Small-file movies don’t share in the luxuries of their large-file counterparts that are meant to be streamed in standard or 4k HD by many and often. The latter are shows with smooth visuals that stream (in principle if not in practice) without glitch, with narrative arcs that a spectator can identify with. All this easy streaming contributes to the massive carbon footprint of information and communication technologies (ICT).  ICT is confirmed by researchers to contribute about 4% of all global greenhouse gas emissions (Marks et. al 2021), a near second to the airline industry. Within it, streaming video counts for 1% of global GHGes. While it’s likely impossible to decrease that large contribution to global heating, it may be possible to prevent the expansion of ICT’s carbon footprint through mindful practices. For streaming video, these include simple measures like streaming less, decreasing the resolution of the media we stream, watching durable media (think DVDs from the library), government regulation of streaming services, and of course decreasing the resolution of movies we upload. In most cases a high-resolution image is not necessary to convey informative and affective impact. Another solution is for artists to devise one version of a movie for live presentation and another, smaller version for streaming.

Small-file cinema constitutes a radical new aesthetic practice born of environmental necessity and formal experimentation. Artists can begin by filming with lower resolution, such as 640 x 360. Paying attention to shape, color, and movement rather than content ensures a visually satisfying image. Recording sound in mono saves a lot of file space. Decreasing camera movement and movement in the frame, as well as using a shallow focal length, ensures that images will come out of compression looking fairly crisp.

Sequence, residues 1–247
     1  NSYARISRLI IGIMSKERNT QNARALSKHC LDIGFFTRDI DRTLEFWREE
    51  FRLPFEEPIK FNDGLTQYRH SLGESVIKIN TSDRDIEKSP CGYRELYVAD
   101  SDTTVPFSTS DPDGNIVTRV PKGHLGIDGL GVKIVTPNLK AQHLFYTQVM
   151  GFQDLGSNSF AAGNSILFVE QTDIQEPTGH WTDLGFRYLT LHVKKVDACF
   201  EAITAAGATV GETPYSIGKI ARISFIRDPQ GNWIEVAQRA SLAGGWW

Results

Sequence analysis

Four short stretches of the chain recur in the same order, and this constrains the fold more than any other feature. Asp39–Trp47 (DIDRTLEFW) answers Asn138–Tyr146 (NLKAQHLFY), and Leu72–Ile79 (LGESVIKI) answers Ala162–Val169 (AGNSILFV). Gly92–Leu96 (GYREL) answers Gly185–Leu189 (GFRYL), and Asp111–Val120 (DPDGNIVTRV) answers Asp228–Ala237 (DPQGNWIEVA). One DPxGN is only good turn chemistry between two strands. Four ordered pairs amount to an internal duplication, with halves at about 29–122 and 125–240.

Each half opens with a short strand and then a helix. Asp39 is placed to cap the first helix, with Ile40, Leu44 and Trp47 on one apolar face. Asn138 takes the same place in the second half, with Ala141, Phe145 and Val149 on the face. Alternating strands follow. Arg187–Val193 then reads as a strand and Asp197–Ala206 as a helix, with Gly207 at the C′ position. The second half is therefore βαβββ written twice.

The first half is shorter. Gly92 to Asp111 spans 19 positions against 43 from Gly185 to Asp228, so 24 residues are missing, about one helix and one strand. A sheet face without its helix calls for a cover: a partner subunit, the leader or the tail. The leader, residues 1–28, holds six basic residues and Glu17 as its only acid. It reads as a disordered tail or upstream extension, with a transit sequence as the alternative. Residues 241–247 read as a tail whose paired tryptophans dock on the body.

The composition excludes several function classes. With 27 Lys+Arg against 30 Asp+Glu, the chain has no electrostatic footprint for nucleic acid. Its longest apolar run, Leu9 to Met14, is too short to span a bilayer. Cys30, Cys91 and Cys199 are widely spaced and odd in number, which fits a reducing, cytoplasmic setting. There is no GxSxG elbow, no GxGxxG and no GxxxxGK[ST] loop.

And then compression, for small-file artists, is not a tiresome necessity but a creative medium of its own. Experimenting with the parameters of common compression platforms such as Handbrake, ffmpeg, and Any Video Converter, artists can choose either to maximize fidelity to the original or to exploit compression’s formal potentials, such that compression becomes a medium in itself. For example, decreasing the frame rate saves a lot of file space and is initially barely detectible, but yields dreamlike saccadic motion under around 12 frames per minute. The NeatVideo plug-in is meant to remove image noise, but as film editor Patrick Düren points out, it “can, if wrongly configured, also remove a lot of the smaller details and thus gain a state of ridiculous smoothness.” [1] Depending on the parameters you select, figures can develop dramatic outlines or blur together in abstract patterns.

These artful practices distinguish small-file movies from Hito Steyerl's well-known concept of the poor image, an image that gets increasingly battered as it circulates. Because they are designed to circulate as small files, small-file movies are rich images—little jewels.